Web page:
Widdershins Purled I, Stringing It Low

I may not have mentioned this before (if I have, I can’t find where), but some years ago I discovered that I purl backwards – which is to say, clockwise, or Eastern Style.

I don’t know how long I’ve been doing it – if that was the way my mother taught me, being simpler, or if I just found it easier than the anti-clockwise way and decided in my youthful innocence that it didn’t make any difference.

Revelation: it does. When one knits continental style – the way I do – the yarn goes round the needle anti-clockwise. Like so:

Although those of you who are keen on details will notice that the illustration describes this as “clockwise”. Purling the Eastern way, as I have been lo these many years, the yarn goes round clockwise (or as one might call it, anti-clockwise) instead, leaving the stitch sitting on the needle the other way around, and thus it becomes twisted when one knits into it (anti-clockwise or possibly clockwise) on the next row, going back the other way. This is called Continental Combination, which sounds like a rather delectable breakfast.

(Read this post for a full and detailed analysis of different methods and the combination thereof, if you are still confused, as who would not be.)

For the purposes of this discussion, I will not be calling clockwise purling “wrong” or anti-clockwise “traditional”, as there is no wrong way to create a purl (except one that results in a knit), and there are many traditions in the great wide world of knitting. Let us not be insular, even if we do live on islands.

Knitter of Taquile
And since I find it remarkably easy to get the terms clockwise and anti-clockwise confused (it’s that old ambidextrous left/right thing again), I shall refer to them as Eastern and Widdershins.

Yes, Eastern still creates a purl, and yes, it’s a lot easier, but you end up with a sort of rough textured tweedy look on what would otherwise be an expanse of even stocking-stitch.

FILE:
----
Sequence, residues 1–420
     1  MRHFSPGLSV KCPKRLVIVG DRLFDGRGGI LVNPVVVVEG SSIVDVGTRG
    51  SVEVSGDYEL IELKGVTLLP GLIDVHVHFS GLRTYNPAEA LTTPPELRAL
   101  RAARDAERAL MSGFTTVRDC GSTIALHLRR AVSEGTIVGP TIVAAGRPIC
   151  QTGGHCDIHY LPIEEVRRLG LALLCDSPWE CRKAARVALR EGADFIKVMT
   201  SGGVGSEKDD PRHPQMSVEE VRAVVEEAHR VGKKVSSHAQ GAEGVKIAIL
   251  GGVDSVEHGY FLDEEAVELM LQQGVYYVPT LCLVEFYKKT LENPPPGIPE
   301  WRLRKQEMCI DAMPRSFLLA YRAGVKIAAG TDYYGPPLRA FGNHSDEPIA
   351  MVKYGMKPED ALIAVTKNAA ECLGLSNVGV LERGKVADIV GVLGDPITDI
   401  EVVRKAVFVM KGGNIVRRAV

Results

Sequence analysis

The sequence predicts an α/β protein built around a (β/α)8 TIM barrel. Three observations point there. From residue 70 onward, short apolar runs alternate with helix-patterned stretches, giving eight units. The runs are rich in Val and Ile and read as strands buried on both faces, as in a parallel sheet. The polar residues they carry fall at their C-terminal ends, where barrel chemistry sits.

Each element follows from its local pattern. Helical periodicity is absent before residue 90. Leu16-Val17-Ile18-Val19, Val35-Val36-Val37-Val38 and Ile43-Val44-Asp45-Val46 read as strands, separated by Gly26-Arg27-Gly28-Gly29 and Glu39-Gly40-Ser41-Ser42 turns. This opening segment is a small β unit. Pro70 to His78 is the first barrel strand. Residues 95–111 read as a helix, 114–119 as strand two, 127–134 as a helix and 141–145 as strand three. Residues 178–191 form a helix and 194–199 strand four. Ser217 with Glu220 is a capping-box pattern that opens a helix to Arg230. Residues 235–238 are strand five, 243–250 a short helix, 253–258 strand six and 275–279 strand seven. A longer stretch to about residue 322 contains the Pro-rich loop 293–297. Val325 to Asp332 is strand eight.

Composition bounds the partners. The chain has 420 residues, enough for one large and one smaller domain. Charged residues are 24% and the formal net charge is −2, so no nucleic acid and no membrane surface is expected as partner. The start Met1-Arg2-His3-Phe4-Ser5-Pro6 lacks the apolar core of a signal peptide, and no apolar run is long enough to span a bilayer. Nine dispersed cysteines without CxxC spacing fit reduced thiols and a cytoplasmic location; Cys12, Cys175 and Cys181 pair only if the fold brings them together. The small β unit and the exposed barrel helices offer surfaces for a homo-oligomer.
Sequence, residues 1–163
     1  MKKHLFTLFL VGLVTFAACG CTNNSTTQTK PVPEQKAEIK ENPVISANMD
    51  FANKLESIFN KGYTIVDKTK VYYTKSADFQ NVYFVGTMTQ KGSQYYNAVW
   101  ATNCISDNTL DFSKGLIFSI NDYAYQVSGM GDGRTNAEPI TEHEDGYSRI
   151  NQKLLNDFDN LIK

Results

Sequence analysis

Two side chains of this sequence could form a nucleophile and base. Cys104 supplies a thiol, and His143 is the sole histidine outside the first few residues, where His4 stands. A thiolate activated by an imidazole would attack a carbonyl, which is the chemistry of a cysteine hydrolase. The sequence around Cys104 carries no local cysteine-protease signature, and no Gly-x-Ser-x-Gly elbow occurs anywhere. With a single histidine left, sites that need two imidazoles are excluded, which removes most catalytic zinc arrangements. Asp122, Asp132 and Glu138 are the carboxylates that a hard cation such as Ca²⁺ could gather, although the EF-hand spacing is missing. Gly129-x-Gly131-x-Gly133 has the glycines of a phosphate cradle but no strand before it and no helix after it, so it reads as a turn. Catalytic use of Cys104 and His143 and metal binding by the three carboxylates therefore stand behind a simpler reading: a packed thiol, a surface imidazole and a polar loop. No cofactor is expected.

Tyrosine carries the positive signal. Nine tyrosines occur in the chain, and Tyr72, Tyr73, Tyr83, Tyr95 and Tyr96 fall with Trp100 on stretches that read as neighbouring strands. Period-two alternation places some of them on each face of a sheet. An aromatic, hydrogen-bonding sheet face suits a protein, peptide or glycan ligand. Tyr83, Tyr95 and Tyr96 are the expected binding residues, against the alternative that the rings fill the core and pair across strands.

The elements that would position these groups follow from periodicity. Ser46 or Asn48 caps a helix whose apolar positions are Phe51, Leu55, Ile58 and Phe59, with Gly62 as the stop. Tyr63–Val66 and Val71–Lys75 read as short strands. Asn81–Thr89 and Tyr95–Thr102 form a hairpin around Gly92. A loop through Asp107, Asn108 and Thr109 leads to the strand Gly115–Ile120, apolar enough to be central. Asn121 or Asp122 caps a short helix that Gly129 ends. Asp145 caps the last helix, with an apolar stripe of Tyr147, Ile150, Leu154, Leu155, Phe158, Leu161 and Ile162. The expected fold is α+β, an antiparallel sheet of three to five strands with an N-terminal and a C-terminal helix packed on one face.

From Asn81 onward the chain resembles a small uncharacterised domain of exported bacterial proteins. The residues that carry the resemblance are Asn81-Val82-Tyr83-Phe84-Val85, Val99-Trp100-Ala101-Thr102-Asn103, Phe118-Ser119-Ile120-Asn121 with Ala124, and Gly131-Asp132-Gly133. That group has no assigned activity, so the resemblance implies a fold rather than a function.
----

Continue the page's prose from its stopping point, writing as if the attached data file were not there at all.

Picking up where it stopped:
All very well if that’s the look you’re going for, but recently I decided, like Henry Crawford, that “it would not do for a constancy.” I wish to have more than one purl to my string, you might say.

I freely admit that I tried and gave up. And then the Caped Gooseberry – taking up knitting again after a space of many years – got me to look up how to purl Widdershin for him, and just started doing it. Here is what it looks like:

It turns out it can be done. It took a bit of finagling to get used to, but once I realized that the waft of my yarn-bearing finger with which I was wont to loop the needle was insufficient, I progressed. Now my yarn-bearing finger drops forward and down, to make sure that the yarn not only goes around the needle the Widdershin way, but doesn’t attempt to leap wildly off it, the second I turn my back.

So far, it appears to be working. I am therefore marking it down as a successful upskill. (Please do not ask me about purling through the backs of stitches.) At present I am only using this for the ribbing atop a sock, but in the fullness of time I have other projects planned which will now emerge with a smoother finish.

I regret that I was unable to discover a suitably licensed image of Eastern purl to show you. Instead, please accept this alternative which Google offered in its place: Purlovia Maxima. It is a therocephalian therapsid, and once you know that you know as much as I do.

Purlovia maxima
Its fossils were found in Russia, and should therefore presumably be approached in the Eastern, or clockwise, direction.

2 Replies to “Widdershins Purled I, Stringing It Low”

  1. I have done both sorts of knit and purl. For several years I knitted into the back of the stitch, and when purling I must have put the wool round the opposite way. (haven’t any knitting stuff with me to try this out right now). It all ends up the same when finished, as long as you do one version or the other

    1. Yes, the important thing for a smooth result is to knit and purl the same way. Doesn’t really matter which way, as long as they match.

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